Sahara Special Discussion Guide
- Grades: 3–5, 6–8
About this book
There are two files on Sahara Jones. The one the school counselor keeps is evidence that she's a fifth grader who needs special education. The other is the book Sahara is secretly writing, her Heart-Wrenching Life Story and Amazing Adventures. The latest chapter in her book unfolds when her mother insists that she be taken out of special ed. So Sahara is facing fifth grade in the regular classroom, again. But why even try to do the work, Sahara wonders, if everything she does just winds up in the counselor's file?
Enter Miss Pointy, the new fifth-grade teacher. With her eggplant-colored lipstick and strange subjects such as "Puzzling" and "Time Travel," she's like no other teacher Sahara has ever known. When she passes out writing journals to the class, Sahara has fresh hope for the school year. Through Miss Pointy's unusual teaching, storytelling, and quiet support, Sahara finds the courage to overcome her fears and prove which file shows her true self.
Esmé Raji Codell is the author of the highly acclaimed and best-selling Educating Esmé: Diary of a Teacher's First Year. She has been a keynote speaker for the International Reading Association and the American Library Association, and now runs the popular children's literature Web site, http://www.planetesme.com/. She is also author of the book How to Get Your Child to Love Reading, published by Algonquin Books of Chapel Hill. She lives in Chicago with her husband and son.
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Suggested Answers to Literature Circle Questions
1. On the first day of school, Miss Pointy lists the class subjects on the board. What are these subjects?
Puzzling, Time Travel and World Exploring or Mad Science, Read Aloud, Read Together, Read Alone, Art of Language (pp. 42-43).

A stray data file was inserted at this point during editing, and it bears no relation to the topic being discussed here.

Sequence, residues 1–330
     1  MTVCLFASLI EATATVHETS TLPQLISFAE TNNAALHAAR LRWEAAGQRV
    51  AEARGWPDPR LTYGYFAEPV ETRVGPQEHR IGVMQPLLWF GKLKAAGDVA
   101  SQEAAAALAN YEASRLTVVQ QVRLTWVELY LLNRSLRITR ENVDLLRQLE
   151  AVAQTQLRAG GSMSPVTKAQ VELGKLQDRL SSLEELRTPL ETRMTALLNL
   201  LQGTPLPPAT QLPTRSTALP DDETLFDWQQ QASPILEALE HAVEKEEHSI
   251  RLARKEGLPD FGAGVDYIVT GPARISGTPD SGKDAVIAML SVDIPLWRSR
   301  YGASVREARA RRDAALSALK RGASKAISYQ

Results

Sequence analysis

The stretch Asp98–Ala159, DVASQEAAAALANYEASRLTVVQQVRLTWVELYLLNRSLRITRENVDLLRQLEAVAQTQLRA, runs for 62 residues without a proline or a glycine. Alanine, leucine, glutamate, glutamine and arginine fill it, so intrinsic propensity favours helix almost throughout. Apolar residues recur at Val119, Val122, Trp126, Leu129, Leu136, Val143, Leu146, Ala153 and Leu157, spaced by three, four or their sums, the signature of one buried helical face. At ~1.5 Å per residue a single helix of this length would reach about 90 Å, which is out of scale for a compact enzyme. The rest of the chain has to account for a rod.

2. Sahara says that her cousin Rachel Wells is her best friend. What is Rachel like? Describe Rachel and her friendship with Sahara.
Answers describing Rachel may refer to her shyness, quiet voice, that she looks at her feet when she speaks, and "her cheekbones get pink," (p. 14) or that "some of the girls at school thought she was stuck-up," due to this shyness (p. 15), and that Sahara thinks "there's something not nice about shy people, too. Something kind of stingy in the way they make you talk first," (p. 15). Of their friendship, Sahara gives three reasons why Rachel is her best friend on pages 15
16. The number one reason is that after Rachel moved away for awhile, she returned. Reason number two is because Sahara always has to "look out for her," due to Rachel's shyness. Reason number three is that Rachel knows Sahara's "True Ambition" to be a writer.
Answers may also mention when the girls stay home with stomach flu and Sahara first shares her writing with Rachel (Chapter 9), and when Rachel tells Miss Pointy that Sahara does indeed have a "secret person" inside of her (p. 145).
3. Sahara has two files, one hidden in the library and one kept in the principal's office. What is in each of these files?